By being open about his sexuality, Kralik took a step many other Slovak gays and lesbians have not dared to take for fear of discrimination - or even rejection from their closest family members.

The Inakosť survey showed that nearly half of the respondents kept their sexual orientation secret from their parents. Of the 251 people who took part in the survey, 65 per cent were men and 35 per cent were women.

Holding hands or kissing their partners in public was taboo for 85 per cent of the respondents, while 15 per cent said they had been the victims of at least one violent attack on the grounds of their sexual orientation.

Marianna Šípošová, spokesperson for Inakosť, said one lesbian woman in her 20s claimed that her father had organised for her to be raped by a neighbor.

"According to his theory she was lesbian because she'd never done it with a real man," Šípošová said.

According to Králik, such myths are "deeply rooted in Slovakia, mainly among the older generation".

"There is very little publicity here about homosexuals; people do not know who we are and many simply believe that we are not normal," he said.

A recent survey by the Bratislava-based Institute for Public Affairs (IVO) think tank showed that about 20 per cent of Slovaks considered homosexuals to be perverted and immoral, and thought their rights were sufficiently covered by existing legislation.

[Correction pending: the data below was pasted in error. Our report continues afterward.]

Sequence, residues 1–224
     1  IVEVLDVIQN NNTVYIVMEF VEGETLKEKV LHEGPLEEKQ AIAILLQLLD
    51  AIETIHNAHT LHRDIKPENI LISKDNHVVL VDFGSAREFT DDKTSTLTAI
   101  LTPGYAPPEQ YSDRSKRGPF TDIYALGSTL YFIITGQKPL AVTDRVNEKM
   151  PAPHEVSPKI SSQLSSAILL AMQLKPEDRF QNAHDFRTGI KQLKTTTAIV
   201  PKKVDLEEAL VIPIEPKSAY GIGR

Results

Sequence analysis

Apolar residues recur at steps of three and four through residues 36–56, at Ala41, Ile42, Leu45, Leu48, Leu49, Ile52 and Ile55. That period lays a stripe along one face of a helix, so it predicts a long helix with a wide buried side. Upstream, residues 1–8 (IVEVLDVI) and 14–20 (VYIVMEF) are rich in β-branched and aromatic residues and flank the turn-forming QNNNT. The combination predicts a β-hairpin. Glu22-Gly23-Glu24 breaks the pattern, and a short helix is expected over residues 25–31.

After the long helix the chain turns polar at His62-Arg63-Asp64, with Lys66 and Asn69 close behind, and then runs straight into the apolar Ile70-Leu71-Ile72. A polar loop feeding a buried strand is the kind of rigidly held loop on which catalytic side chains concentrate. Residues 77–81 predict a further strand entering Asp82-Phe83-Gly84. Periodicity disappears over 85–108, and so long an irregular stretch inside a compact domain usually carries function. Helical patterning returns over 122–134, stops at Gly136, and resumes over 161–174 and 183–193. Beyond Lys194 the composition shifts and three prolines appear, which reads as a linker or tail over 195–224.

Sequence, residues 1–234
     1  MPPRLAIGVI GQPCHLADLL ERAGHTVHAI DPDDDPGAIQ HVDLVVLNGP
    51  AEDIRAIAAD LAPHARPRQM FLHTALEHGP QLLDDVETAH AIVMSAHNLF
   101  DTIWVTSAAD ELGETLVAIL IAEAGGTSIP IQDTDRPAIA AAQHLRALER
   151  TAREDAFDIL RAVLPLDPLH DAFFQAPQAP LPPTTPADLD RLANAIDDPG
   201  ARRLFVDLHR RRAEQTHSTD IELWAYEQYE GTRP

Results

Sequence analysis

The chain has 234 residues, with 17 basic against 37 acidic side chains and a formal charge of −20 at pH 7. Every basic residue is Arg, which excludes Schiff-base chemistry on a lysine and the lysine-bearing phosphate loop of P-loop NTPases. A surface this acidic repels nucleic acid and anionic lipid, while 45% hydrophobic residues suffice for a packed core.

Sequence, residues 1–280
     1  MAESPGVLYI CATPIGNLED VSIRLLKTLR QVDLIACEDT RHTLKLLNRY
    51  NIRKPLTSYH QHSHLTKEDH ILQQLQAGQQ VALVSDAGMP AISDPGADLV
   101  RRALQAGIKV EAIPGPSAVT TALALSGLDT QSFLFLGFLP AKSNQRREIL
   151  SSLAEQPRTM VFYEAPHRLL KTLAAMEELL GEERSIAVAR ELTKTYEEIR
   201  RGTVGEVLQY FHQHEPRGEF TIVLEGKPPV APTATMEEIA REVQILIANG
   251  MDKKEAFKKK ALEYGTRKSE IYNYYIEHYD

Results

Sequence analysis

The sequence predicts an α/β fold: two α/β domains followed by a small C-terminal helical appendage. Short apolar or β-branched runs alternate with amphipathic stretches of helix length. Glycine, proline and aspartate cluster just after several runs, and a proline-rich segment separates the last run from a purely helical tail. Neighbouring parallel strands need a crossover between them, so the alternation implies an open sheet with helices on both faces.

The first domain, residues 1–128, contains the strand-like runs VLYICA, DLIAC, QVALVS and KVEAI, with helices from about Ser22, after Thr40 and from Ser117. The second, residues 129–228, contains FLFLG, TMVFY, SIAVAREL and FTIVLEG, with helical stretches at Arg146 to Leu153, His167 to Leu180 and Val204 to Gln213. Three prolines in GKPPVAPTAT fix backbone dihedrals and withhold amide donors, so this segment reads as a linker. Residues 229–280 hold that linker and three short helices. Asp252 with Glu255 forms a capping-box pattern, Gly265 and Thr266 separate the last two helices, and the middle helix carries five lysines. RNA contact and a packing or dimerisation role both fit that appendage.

Some of the country's top politicians have reinforced that opinion in the past. The KDH, particularly, has been blamed for intolerance after a series of statements that offended gay-rights groups, from claims that homosexuality is medically treatable to calls for homosexuals to be banned from teaching jobs because they allegedly have a bad influence on young people.

The homosexual community says gradual steps towards equality must now be taken. While considering the anti-discrimination law the first step, later moves would include the passage of a law on registered homosexual partnerships. Such a law was recently rejected by the previous Slovak parliament.

The law that was thrown out proposed that homosexuals in stable partnerships be given the same rights as married heterosexuals - including the rights to use a common surname, obtain medical information about partners and become rightful heirs when a partner dies.

The KDH has already voiced its opposition to the anti-discrimination measure currently under consideration, claiming, in the words of spokeswoman Andrea Krajniaková, that Slovak laws "cover all [rights] that homosexuals require except being able to hold quasimarriages".

However, many Slovak decision makers believe that it would be in the interests of the country to pass the anti-discrimination measure ahead of joining the European Union in 2004, as recommended by the EC. That opinion is shared by nearly 50 per cent of Slovaks, according to the IVO survey.

The EC delegation in Bratislava told The Slovak Spectator that Slovakia "must transpose" a directive that establishes a framework for equal treatment in the workplace in line with EC law, which prohibits discrimination on the grounds of racial and ethnic origin, religion and belief, disability, age and sexual orientation.

Csáky said he was planning to send a copy of the proposed bill around the country's ministries for initial feedback within the next three weeks, and hoped to have it debated and voted upon by parliament in March or April next year.